Thanks to the sweeping victory last year, Republicans have a filibuster-proof majority in both houses, meaning the burden of success, or failure, of the people’s agenda over the next four years now falls squarely on Republican leadership. As the state’s only fulltime environmental lobby, Conservation Alabama is working with both Republicans and Democrats to pass legislation this session that meets our bottom line: the triple bottom line.
The triple bottom line refers to policies and initiatives that are focused on achieving social, economic and environmental success. If one goal is met at the expense of the others, then the maximum benefit for the citizens of Alabama is not achieved. As we craft our legislative agenda and evaluate bills proposed this session, Conservation Alabama is keeping that triple bottom line in mind.
First and foremost on our agenda is the reauthorization of Forever Wild. The time is now to renew our state land purchasing and protection program for another 20 years without changes. Since its passage in 1992 with 84 percent of the vote, the Alabama Forever Wild Land Trust has protected more than 200,000 acres of land for public use, such as recreation, habitat protection, hunting and fishing.
Hunting, bird watching and outdoor recreation in Alabama is a multi-billion dollar industry. Having more protected public spaces to hike and exercise will help Alabamians fight some of the highest levels of obesity in the nation. And preserving Alabama’s special places protects habitat for wildlife on land and in our biologically rich waterways. There is no stronger triple bottom line win for the legislature this session than renewing Forever Wild asis with no changes.
Beyond Forever Wild, there are other triple bottom line opportunities. Alabamians consume more energy per capita than just about any other state. Yet, there are ways to put money back in consumers’ pockets, increase retail sales and decrease energy consumption and the impact on the environment. Conservation Alabama is pushing legislation to adopt a state sales tax holiday on Energy Star appliances.
Such a concept, similar to the “back-toschool” tax holiday, has found success just next door in Georgia. While the state loses a fraction of a percent of tax revenue for a weekend, the state and retail outlets more than make up the revenue in additional sales on non-sales tax exempt items. Consumers not only save money on energy efficient washing machines, refrigerators and the like, but they also save money over time by consuming less energy. And our environment benefits from reduced air and water pollution. Another win-win-win for Alabama.
Third on our priority list is transportation reform. Conservation Alabama is supporting legislation aimed at finding a statewide funding source for transit. With adequate investments in alternative modes of transportation beyond the automobile, Alabama can create more jobs than traditional highway projects alone. Creating more transportation choices in the state can connect citizens to jobs, healthcare, shopping and educational opportunities.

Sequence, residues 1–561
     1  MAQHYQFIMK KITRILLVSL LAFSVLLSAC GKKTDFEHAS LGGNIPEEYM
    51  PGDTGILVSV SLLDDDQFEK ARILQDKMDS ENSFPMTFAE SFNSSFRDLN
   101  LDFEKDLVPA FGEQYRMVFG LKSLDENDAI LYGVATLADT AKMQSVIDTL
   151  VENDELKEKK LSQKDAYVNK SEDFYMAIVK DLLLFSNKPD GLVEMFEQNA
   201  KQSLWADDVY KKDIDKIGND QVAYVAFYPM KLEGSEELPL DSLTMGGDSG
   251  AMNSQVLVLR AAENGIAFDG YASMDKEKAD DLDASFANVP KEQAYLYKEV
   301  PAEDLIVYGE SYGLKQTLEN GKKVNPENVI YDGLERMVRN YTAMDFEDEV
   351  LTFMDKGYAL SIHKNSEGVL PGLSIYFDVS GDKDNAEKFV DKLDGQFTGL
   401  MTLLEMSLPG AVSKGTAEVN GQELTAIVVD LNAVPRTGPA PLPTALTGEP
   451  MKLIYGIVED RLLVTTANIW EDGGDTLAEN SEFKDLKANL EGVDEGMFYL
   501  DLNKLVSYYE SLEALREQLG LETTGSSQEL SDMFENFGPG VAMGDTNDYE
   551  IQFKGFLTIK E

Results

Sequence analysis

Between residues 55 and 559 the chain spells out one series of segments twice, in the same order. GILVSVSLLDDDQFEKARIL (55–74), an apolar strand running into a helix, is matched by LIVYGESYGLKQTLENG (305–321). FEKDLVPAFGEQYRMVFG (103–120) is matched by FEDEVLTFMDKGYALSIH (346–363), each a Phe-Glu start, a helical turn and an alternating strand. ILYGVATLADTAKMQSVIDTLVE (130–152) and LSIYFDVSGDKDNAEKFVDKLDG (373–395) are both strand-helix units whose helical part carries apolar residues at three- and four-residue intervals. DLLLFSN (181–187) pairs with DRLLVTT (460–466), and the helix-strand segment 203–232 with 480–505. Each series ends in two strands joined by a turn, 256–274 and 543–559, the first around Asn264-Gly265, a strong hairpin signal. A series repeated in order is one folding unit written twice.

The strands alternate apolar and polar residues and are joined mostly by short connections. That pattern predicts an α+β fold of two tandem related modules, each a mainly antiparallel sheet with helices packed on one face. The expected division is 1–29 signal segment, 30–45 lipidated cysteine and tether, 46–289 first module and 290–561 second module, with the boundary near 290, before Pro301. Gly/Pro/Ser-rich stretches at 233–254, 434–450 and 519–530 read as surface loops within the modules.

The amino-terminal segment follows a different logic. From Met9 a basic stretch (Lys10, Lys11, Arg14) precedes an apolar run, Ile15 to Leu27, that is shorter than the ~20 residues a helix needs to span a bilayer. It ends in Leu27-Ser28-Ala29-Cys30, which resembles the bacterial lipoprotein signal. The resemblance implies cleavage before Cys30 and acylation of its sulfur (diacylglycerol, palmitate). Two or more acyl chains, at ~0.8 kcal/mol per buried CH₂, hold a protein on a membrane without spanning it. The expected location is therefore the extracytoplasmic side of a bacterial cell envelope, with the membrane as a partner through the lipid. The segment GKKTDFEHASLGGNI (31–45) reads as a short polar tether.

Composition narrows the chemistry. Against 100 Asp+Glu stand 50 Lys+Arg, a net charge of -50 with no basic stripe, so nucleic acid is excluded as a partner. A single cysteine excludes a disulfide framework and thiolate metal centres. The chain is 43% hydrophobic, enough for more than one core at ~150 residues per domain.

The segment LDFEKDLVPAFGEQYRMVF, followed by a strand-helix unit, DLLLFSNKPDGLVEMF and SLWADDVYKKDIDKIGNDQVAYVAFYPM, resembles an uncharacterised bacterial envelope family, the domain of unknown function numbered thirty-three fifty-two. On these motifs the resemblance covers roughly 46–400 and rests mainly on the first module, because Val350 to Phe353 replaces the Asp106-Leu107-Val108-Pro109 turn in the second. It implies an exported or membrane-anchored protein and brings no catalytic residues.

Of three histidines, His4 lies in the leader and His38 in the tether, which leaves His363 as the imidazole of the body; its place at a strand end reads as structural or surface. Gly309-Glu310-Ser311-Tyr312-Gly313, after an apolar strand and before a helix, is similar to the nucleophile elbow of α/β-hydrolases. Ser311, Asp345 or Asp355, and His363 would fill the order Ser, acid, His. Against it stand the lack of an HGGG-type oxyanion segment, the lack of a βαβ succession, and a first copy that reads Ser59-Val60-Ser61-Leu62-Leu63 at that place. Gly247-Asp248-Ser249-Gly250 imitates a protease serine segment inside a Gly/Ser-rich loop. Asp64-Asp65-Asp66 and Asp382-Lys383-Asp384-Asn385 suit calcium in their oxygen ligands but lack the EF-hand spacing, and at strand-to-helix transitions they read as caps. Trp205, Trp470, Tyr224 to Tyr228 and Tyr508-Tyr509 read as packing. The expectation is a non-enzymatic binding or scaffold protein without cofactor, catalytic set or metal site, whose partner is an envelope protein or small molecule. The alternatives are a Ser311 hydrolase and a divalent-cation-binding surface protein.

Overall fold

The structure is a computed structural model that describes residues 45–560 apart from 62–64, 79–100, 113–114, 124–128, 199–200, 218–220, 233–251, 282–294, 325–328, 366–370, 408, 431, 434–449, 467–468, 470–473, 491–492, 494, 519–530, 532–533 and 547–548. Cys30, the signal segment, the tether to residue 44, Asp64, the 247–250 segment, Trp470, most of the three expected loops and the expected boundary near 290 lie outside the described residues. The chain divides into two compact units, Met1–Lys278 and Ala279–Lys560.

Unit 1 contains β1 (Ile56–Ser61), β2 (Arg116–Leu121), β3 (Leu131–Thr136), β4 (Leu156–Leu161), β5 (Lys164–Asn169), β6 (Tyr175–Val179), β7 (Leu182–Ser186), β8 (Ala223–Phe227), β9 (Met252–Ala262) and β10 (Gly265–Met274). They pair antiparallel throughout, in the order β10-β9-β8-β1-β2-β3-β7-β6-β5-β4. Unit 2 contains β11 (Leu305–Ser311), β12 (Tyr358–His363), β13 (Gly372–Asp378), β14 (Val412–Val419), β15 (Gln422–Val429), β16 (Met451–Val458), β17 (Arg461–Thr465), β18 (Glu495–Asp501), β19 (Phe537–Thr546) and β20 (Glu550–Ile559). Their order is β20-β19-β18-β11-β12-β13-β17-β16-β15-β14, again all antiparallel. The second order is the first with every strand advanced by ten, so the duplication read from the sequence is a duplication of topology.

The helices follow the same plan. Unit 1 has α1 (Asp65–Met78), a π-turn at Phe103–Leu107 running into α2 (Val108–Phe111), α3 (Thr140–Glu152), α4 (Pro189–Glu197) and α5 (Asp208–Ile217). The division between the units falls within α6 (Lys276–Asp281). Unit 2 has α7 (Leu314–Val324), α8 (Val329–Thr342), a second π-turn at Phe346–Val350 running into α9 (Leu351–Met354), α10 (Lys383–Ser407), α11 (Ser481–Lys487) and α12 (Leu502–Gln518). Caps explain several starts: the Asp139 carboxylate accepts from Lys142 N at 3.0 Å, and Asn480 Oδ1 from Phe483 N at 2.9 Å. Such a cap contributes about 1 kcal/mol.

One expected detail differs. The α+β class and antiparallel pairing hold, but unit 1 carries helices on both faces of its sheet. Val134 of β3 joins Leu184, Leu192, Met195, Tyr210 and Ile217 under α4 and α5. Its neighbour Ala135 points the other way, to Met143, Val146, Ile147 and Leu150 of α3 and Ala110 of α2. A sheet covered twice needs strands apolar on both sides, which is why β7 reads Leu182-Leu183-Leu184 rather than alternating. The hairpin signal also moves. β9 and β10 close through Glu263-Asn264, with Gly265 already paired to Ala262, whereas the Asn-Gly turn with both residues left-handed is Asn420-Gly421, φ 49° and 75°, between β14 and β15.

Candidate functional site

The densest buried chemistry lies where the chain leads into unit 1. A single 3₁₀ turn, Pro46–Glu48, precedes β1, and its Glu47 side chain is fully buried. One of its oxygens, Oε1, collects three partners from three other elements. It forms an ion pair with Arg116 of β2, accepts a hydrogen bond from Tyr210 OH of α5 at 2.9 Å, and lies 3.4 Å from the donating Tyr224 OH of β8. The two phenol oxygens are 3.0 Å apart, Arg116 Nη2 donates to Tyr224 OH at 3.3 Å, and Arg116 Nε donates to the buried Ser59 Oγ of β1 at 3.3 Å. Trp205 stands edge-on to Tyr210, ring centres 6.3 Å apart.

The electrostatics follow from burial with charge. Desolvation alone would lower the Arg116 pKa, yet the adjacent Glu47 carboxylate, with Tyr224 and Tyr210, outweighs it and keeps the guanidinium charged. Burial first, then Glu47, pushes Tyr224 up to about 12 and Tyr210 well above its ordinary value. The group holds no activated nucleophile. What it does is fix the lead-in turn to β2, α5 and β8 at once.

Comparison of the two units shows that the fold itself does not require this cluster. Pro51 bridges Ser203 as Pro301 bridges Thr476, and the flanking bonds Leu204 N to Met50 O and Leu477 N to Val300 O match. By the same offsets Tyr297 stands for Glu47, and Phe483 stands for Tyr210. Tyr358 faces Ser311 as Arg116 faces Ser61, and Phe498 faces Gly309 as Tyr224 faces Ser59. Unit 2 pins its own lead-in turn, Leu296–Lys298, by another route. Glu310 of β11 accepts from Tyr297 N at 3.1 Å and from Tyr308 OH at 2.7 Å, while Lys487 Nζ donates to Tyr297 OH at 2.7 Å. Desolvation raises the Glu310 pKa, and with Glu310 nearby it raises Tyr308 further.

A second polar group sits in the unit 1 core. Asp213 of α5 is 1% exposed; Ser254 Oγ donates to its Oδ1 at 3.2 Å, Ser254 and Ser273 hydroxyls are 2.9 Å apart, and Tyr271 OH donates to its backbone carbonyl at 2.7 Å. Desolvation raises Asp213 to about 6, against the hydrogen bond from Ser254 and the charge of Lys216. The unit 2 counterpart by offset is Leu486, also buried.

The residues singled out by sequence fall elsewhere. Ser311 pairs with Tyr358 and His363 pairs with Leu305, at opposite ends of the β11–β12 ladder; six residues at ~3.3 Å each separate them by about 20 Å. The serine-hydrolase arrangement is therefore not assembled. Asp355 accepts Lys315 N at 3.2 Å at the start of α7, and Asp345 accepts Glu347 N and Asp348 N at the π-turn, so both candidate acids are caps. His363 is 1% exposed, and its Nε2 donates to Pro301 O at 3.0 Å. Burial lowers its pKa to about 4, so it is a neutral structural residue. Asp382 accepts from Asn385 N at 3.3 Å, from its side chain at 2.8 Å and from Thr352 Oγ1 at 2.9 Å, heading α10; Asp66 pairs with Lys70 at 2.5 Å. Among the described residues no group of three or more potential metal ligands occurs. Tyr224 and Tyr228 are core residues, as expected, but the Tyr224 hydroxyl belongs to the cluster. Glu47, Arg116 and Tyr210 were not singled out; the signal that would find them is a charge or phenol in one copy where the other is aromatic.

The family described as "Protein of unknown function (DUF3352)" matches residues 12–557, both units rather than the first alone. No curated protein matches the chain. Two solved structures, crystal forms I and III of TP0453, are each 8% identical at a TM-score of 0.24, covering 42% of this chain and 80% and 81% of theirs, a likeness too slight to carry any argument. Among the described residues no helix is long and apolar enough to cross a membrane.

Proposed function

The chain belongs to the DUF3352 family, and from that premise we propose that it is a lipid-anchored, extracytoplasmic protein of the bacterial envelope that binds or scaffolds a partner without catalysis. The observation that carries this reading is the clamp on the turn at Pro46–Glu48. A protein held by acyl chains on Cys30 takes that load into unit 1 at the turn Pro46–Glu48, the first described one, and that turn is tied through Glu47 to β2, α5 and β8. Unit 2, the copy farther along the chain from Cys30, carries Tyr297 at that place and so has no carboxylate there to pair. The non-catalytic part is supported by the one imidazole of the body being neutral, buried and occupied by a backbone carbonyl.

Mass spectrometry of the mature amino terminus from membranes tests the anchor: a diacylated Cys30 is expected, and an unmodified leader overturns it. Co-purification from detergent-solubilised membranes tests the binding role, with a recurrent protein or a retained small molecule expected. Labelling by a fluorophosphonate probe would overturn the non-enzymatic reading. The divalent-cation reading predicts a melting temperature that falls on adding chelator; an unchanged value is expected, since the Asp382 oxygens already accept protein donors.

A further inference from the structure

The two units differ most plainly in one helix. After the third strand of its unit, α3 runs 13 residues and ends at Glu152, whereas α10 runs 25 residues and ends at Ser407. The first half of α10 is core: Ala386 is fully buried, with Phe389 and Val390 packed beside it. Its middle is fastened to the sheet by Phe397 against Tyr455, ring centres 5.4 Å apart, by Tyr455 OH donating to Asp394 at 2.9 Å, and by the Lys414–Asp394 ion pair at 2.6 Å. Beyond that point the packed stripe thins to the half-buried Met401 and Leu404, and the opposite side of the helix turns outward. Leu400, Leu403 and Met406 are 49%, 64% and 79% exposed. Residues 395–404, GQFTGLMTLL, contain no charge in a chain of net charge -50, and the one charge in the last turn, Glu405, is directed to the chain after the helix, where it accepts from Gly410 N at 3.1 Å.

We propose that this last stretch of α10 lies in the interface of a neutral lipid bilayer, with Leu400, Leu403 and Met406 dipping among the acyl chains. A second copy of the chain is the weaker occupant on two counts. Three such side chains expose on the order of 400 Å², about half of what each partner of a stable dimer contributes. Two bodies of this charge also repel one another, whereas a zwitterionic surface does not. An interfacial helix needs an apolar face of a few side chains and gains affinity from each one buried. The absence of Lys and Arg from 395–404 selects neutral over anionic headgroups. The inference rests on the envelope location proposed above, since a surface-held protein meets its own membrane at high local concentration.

More than 80 percent of Alabamians drive a single-occupancy vehicle to and from work each day. In the Birmingham area, commuters drive more than 30 miles a day on average, one of the longest commutes in the country. Our almost exclusive reliance on automobiles erodes air quality, threatens our streams and drinking water, and has burdened our state with more than a billion dollars of road and bridge repairs we can’t afford. We must take a triple bottom line approach by investing in transit and alternative modes of transportation.
Of course, not all legislation introduced this session will share our vision for wins in each of the public, economic and environmental areas. That is where we will have to rely on our defense to protect Alabama from bad legislation. Throughout our 12-year history, Conservation Alabama has been able to stop any bad environmental legislation that has been proposed.
Not only will we be on the ready to fight bad legislation, but we will be evaluating and supporting other bills that seek to achieve the triple bottom line. Our hope is there will be more good environmental legislation than bad this session, and we will be on the lookout for new, innovative bills that both Republicans and Democrats put forth to improve our state’s public, economic and environmental health.
In order to move our state forward, we must reject the false competition between public health, economic development and environmental protection in the political arena. Instead, state leaders’ bottom line should be policy solutions that promote the triple bottom line. Together, we can pass win-win-win priorities this legislative session.
can follow environmental legislation by reading the Conservation Hot
List each week at conservationalabama.org. Adam Snyder is executive
director of Conservation Alabama and can be reached at firstname.lastname@example.org.